The information seeker is motivated by the ambiance factor as well, but unlike entertainment users these bloggers are a little more goal-oriented. They prefer to use blogs as a way to find information that they can’t access through traditional media outlets. This information can be academic—keeping up with the latest research—but not necessarily so, as they also absorb news on current events from blogs and use it as a fact-check against other media sources. Science educators fall into this category as well, as information seekers tend to use info on blogs as educational tools.
Unlike one-way entertainment users, information seekers are attracted to the idea of the blogosphere as a community. They interact with blogs as a means of connecting with friends and peers, for advice and emotional support from others, and to gain a sense of involvement with something greater than themselves. Correspondingly, they are much likelier to create their own online content, to interact with others when developing content, and to share with the blogging community.
Lastly, there are the super users. These intrepid blogonauts score high on all of the identified motivating factors. They are by far the most likely to create and share science-related content, and are the most frequent return visitors to blogs.
Implications for scientific communication writ large
While the blogger categorization is interesting, what’s especially compelling are the similarities among the users that, in a broader sense, actually betray a striking homogeneity. The study found that nearly two-thirds of science blog readers have some of level of formal (degree-earning) science education, and nearly three-quarters are either interested in pursuing—or are already pursuing—a career in science. When their basic knowledge of science was challenged (using questions developed by Pew), not only did they out-perform U.S. adults, they outperformed U.S. adults with post-graduate training—placing them in the the top tier of the scientifically literate. Here’s how the researchers put it:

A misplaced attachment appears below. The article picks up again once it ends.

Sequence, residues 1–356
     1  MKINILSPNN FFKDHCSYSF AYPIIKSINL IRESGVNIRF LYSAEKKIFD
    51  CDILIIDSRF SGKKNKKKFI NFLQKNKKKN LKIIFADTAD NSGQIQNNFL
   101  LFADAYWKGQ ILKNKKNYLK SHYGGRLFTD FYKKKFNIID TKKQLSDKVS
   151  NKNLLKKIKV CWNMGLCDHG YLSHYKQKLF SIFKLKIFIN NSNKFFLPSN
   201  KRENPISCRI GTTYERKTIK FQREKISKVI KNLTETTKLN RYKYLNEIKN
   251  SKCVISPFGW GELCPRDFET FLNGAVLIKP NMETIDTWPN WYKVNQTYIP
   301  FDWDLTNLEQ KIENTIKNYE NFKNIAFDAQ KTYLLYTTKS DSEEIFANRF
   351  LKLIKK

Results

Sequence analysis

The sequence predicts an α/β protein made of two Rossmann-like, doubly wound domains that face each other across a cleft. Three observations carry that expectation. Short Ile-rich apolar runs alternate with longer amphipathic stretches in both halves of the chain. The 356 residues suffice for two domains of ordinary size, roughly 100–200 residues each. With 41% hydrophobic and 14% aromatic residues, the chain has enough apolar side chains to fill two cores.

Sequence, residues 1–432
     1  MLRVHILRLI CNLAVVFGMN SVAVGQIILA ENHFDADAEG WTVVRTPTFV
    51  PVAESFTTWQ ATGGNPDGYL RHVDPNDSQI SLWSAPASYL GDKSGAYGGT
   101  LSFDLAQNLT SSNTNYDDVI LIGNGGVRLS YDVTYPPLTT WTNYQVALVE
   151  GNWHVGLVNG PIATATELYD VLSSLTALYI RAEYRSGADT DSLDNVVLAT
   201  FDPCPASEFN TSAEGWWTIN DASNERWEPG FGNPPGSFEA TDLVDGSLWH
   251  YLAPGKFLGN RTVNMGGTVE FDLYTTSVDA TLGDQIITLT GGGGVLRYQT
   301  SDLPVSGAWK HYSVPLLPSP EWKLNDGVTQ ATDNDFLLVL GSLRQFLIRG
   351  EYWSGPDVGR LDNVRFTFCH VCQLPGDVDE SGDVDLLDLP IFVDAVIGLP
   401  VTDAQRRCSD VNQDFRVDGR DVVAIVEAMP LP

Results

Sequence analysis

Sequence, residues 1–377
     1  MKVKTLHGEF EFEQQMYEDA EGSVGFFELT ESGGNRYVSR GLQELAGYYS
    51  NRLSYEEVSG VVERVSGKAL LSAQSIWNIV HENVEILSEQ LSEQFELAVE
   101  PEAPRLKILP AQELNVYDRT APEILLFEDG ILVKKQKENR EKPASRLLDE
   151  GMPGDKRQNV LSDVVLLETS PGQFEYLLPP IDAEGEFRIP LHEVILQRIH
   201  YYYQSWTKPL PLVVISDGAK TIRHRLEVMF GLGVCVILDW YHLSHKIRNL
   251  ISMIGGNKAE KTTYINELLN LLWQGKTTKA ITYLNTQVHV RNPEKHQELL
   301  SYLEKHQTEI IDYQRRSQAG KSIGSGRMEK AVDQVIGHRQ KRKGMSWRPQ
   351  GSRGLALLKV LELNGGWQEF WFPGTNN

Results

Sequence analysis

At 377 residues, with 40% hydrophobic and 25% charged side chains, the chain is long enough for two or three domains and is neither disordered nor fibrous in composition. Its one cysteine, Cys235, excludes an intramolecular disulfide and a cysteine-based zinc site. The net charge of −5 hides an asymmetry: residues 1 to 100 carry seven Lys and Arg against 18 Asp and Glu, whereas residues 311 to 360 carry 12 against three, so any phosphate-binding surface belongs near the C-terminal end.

The readers of science blogs as a whole are an elite, highly educated group of mostly scientists and future scientists who actively seek out science media content. They are the epitome of the active audience, seeking out niche media sources online to fulfill their psychological and information needs.
Like any study, there are caveats that warrant caution about generalizing the findings. Most notably, the study included only a handful of blogs that could be considered “mainstream” (e.g. only one blog was hosted through Scientific American), so the study may overestimate the aristocratic tendencies of bloggers.
Still, the findings suggest important implications for how scientists will want to think about their communication strategy with the public. Science bloggers and the American public, on the whole, occupy vastly different online universes. The average American—who’s less likely to believe in evolution and more likely to fear GMOs, compared to scientists—is simply not a part of these blogging communities.
One can speculate why this is the case, and the academic literature provides some hints. My preferred explanation is preference bias: people gravitate toward news and content that already conforms to their values.
This should raise a big red flag for science communicators, especially those who implore public engagement but do so primarily through online science news venues (like myself, admittedly).
But in the meantime, I’ll continue to read my favorite blogs, and write posts for whatever specialized audience that has self-selected to read them.
It’s why I go online, at least. And probably why you do, too.